In contrast, I can access any document from any case (open or closed) from any device with an internet connection within seconds. I do not need to scramble and issue an “all-points bulletin” when I want to locate a file; I simply look on my hard drive. If for some reason I do not have my laptop or netbook handy, I will access the document via my smartphone or on another device with an internet connection.
Maintaining a paperless office reduces redundancy and promotes intuitive organization within client files. In contrast, redundancy and unwieldiness are hallmarks of client files in non-paperless offices. For example, in the case I inherited from a large, non-paperless firm, many of the documents contained in the physical file were duplicative and organized in a haphazard manner.
A paperless office negates the need to reinvent the wheel. Most law firms and lawyers are technologically savvy enough to maintain a database of frequently used electronic forms, including old pleadings, to use as templates in new cases. Indeed, the Biglaw firm I worked at used a fairly advanced document management program where lawyers could locate documents saved to the system via keyword search. For example, if I wanted to locate a template to draft a complaint in a trademark case I would type in the words “complaint” and “trademark” to access every trademark complaint saved in the firm’s system and view which attorney drafted the document.
When it came to legal research, however, I was constantly reinventing the wheel. Specifically, I would often find a highly relevant case or article for a research project I was working on and print a hard copy. I did not add the hard copy to the actual client file (generally located in the assigning partner’s office or storage lateral) because I rarely had access to the actual client file, as most of my assignments were discrete research projects; I did not actually “own” any cases.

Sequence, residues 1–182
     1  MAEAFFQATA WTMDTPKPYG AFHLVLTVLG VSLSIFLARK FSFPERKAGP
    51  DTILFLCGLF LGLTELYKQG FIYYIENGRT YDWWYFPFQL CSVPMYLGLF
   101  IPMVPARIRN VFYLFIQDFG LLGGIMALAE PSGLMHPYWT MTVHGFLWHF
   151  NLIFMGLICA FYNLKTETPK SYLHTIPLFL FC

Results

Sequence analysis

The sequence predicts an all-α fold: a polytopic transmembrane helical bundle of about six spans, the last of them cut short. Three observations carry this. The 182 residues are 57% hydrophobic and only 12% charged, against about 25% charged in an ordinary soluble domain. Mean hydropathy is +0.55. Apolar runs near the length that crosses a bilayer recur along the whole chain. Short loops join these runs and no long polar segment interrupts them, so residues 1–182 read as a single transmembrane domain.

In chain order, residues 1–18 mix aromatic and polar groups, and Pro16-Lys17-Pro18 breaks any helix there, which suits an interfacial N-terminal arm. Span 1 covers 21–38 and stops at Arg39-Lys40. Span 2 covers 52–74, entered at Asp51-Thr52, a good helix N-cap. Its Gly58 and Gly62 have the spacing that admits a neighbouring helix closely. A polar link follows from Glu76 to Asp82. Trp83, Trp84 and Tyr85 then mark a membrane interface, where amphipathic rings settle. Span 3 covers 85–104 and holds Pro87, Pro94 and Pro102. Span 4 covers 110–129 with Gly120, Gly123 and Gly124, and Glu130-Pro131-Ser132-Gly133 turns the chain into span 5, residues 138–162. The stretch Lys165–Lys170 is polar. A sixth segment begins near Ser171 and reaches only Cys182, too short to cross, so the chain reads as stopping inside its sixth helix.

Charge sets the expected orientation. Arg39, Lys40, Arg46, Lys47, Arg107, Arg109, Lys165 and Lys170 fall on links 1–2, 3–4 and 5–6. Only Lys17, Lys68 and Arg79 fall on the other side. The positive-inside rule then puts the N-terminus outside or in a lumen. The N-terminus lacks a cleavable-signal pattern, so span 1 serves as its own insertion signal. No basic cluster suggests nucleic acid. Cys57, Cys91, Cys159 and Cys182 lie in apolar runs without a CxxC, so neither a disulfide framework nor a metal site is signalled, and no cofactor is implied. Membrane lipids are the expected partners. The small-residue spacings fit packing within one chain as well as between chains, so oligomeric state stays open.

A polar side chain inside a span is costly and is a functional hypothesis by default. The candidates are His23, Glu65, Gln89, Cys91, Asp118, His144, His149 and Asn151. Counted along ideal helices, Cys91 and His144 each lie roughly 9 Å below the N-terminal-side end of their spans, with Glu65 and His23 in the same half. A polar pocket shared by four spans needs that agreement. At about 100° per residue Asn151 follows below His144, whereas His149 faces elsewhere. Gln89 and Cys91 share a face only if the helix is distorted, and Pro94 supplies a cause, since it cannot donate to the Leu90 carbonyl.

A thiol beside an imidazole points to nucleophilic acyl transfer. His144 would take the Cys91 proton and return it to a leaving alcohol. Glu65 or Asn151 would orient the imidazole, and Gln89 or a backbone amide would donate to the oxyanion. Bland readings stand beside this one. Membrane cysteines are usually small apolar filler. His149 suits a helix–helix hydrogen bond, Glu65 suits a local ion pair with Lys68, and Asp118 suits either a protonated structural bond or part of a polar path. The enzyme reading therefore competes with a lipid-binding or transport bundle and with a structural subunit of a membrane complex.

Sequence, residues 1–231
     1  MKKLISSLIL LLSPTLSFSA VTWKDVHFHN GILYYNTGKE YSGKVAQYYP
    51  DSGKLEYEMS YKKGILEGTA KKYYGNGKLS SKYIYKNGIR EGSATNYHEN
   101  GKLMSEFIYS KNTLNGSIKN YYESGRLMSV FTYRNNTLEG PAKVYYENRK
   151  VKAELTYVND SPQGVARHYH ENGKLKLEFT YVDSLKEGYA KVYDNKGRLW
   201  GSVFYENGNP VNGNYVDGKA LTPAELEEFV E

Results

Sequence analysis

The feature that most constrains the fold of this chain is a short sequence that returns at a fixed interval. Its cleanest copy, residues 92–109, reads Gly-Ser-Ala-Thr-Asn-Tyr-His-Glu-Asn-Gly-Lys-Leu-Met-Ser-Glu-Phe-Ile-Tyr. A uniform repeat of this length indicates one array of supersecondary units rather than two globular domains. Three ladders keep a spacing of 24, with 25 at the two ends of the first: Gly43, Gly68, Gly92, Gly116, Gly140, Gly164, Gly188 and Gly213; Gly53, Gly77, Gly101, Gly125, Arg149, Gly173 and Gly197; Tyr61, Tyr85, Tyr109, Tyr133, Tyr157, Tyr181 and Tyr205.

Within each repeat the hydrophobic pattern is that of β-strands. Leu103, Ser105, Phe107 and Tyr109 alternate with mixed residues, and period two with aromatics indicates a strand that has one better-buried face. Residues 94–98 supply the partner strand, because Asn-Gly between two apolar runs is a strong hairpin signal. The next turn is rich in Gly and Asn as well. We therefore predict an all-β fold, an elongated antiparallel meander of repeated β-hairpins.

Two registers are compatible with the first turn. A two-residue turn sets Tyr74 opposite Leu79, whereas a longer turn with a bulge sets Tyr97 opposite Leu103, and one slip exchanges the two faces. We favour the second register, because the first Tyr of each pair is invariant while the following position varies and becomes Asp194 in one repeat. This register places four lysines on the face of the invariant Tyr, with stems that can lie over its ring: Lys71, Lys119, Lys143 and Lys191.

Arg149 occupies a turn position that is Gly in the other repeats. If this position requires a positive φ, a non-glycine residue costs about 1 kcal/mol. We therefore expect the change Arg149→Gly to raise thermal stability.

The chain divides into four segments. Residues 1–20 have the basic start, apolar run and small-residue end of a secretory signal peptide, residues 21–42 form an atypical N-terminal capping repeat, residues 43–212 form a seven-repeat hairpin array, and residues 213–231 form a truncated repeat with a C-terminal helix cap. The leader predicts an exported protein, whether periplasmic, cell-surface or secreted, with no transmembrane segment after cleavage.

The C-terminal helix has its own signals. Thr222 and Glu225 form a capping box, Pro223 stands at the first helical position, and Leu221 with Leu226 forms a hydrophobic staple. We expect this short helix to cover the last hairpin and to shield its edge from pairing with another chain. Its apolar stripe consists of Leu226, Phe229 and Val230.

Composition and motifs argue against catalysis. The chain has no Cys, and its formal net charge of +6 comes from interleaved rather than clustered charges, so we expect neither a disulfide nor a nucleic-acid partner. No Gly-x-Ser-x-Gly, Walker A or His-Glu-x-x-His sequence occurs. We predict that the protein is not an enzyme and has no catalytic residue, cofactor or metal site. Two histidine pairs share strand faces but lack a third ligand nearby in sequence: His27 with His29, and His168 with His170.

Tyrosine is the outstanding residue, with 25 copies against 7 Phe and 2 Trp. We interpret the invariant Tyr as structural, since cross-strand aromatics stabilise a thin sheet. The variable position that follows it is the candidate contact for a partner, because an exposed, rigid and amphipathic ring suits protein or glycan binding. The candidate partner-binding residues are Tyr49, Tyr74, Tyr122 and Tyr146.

I did not have enough storage space in my office at The Firm to retain hard copies of my research. Even if I had space, there was no logical place for me to store the materials because I lacked access to client files. Accordingly, I tossed the hard copies in the recycling bin. Invariably, a different partner would assign a similar project at a later date and I would need to spend considerable time and money (both billable to the client) searching for and printing the exact same materials I had already located in the earlier case.
In my digital office, I can locate research materials saved as digital files from an old case in seconds. I get way more work done than I did at my old firm in a shorter amount of time by working smarter, not harder.
I am routinely adverse to the largest firms in the Midwest in my cases. This means that in most of my cases I am going up against a partner, an associate or two, a paralegal, and at least one legal secretary. In other words, five against one. I have never felt overmatched because I run a lean, mean, highly organized, and efficient digital law office that enables me to keep up with the large firm motion for motion, document for the document, blow for blow.
E. Mobility, Portability, and Collaboration
Going paperless obviates the need for lawyers to cart around boxes of documents to court appearances, meetings, and mediations. When I need to access my client files on the go, I simply bring my netbook and my entire firm comes with me. When I changed office locations, I did not need to transport boxes upon boxes of client files to the new building; I simply put my computer in a backpack. Coach Herman Boone from Remember the Titans might (accurately) describe my practice as “mobile, agile, hostile.”
A paperless office also facilitates collaboration with clients, courts, co-counsel, and experts, as I will describe in greater detail in later sections of this chapter.